In this strange and beautiful book, an unnamed man relates the story of December II, the little pot-bellied king who visits the man from time to time, when the mood strikes. In King December’s world, you are big, and then you become small, and most curiously, you are born knowing everything you will ever know. As one would imagine in such a relationship, there are many things to ponder, on both sides, although surprisingly the presence of the miniature royal is never really questioned. “I’m only here because you wished it.” Well, maybe.

For many reasons, Little King December defies categorization. It is not a Christmas book exactly, but it belongs to the sugar plum month of December, from which the King’s own royal name derives, as sure as the ghost stories of Charles Dickens and Van Allsburg’s The Polar Express. The melancholic aching for things lost is the stuff of adulthood, but Little King December is distinctly childlike in its wide-eyed embrace of the whimsical and the wondrous. Familiar territory, in other words, for the absurdist German painter, Michael Sowa, the not so little King of Quirk.

“Will you tell me about your country?”

Pocket Royal

How does one answer that question? It’s cold, and it’s really, really large. What if the person asking lives in a tiny hole behind a bookcase, in a world that is entirely contrary to everything you know about the trajectory of existence? How do you answer then? What do you tell them about what it means to be human in your country? Thus begins the conversation in Little King December, an entirely original and thought-provoking book by German author, Axel Hacke. The story opens with the relationship between the man and the king already established. We never really know what precipitated these royal visits, or if indeed the visits are real, or imagined. It may in fact be a dream, and even the narrator is unsure whether or not he is the dreamer, or the dreamed. Sounds a bit ethereal but it’s not; the dialogue is as natural as a conversation overheard at a Starbucks, except rather than being across the table from one another~the participants converse mouth to pocket. Makes me think of those guys (it’s always guys) who walk around with a bluetooth connection, chatting affably, it seems, to no one.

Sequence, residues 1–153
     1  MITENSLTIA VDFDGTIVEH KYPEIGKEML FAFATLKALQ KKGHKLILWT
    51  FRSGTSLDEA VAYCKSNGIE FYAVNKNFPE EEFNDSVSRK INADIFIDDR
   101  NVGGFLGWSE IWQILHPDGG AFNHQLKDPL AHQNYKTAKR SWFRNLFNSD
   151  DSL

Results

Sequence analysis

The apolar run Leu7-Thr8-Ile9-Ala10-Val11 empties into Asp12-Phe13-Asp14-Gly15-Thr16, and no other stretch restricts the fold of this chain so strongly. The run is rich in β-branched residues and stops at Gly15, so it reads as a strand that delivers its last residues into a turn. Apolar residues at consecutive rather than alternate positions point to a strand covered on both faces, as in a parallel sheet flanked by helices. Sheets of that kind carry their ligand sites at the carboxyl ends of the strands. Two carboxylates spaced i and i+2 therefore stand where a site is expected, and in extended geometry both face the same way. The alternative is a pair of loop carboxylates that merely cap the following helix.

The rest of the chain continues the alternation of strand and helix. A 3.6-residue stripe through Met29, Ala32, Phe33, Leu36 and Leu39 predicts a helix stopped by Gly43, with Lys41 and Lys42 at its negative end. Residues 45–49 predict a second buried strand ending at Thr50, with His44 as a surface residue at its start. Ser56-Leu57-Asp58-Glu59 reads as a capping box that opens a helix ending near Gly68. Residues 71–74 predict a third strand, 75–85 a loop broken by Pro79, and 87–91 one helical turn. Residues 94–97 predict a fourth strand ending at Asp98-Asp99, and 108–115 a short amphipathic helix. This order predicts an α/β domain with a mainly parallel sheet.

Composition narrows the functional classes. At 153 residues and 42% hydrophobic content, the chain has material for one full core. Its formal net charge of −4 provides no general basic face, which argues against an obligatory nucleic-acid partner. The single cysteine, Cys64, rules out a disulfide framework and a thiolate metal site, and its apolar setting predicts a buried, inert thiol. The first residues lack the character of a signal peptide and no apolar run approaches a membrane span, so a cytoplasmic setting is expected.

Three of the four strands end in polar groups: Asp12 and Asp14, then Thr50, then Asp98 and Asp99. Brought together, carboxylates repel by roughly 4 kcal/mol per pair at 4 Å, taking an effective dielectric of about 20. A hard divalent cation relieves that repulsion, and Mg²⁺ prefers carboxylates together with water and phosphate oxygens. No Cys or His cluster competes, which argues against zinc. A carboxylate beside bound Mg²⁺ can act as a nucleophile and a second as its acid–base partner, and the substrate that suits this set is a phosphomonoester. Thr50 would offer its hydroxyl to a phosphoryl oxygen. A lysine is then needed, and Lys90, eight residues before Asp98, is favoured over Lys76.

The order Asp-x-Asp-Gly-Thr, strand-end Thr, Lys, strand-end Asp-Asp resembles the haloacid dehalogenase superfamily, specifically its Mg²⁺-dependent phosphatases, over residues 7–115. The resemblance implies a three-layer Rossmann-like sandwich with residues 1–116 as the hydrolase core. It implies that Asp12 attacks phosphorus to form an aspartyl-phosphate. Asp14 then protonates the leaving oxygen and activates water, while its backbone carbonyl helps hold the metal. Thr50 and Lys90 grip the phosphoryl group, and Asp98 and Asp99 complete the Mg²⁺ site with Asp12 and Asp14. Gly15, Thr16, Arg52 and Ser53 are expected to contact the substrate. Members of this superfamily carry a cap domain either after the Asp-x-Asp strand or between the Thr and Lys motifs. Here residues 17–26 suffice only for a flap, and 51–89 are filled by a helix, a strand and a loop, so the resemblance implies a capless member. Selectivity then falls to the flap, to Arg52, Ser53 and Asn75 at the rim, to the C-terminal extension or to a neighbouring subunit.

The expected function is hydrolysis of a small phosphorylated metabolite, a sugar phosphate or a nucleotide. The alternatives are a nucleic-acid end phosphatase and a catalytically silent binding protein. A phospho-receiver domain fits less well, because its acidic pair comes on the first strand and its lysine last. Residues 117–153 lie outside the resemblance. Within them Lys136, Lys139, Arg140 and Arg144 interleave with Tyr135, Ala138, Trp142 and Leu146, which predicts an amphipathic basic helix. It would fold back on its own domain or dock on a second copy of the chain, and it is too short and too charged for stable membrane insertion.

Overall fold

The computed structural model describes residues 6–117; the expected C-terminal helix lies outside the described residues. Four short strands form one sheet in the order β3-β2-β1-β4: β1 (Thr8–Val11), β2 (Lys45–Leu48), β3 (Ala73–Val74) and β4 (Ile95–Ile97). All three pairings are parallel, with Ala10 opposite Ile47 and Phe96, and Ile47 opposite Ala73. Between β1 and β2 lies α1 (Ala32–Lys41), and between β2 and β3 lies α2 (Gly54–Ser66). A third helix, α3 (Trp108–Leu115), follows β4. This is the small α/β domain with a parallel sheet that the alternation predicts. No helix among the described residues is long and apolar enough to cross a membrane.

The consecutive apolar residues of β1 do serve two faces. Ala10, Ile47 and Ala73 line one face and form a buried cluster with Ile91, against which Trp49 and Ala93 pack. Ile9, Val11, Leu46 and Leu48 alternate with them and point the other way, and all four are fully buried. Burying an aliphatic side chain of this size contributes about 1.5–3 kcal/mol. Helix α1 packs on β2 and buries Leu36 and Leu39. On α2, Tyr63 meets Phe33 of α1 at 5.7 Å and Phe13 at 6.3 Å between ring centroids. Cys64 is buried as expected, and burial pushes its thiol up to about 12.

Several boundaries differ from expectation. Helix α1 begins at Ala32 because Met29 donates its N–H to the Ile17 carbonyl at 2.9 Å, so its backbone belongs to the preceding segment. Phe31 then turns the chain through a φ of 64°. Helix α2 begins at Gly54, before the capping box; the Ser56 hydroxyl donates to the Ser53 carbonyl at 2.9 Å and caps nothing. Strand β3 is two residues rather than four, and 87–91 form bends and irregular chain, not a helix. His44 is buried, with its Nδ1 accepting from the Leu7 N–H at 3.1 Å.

While it’s clear the ever-curious King benefits from his friendship with the man, not least of which is a steady supply of Jelly Bears (his favourite food), it is the man who finds a kind of solace in the King’s descriptions of his world:

“You wake up, you lie there for a bit, you get up and you can write, do higher mathematics, write computer programs, you go to work and to business dinners. Only gradually you forget. The smaller you get, the more you forget. If someone can no longer participate in business dinners, it’s pointless got to the office: there’s no need for them there anymore. Then you have to stay home and you carry on forgetting more and more things. Your head becomes completely empty, with lots of room. Others have to cook for you, and afterwards you’re allowed to go and see your friends. Or watch shadows in the garden and pretend they’re ghosts. Or give names to clouds. Or torture your teddy bear…”

“He’s going to try to kill that poodle again.”

After a few pages, it becomes clear that the man needs the king. His life has become mundane, predictable. In their wanderings around town, King December lays fresh eyes on everything and everyone the man has long since become oblivious to, adding his own critical, and often wry insights. As they pass an old man walking his dog, the King says, ‘He’s going to try to kill that poodle again.” Say what?

At ease, poodle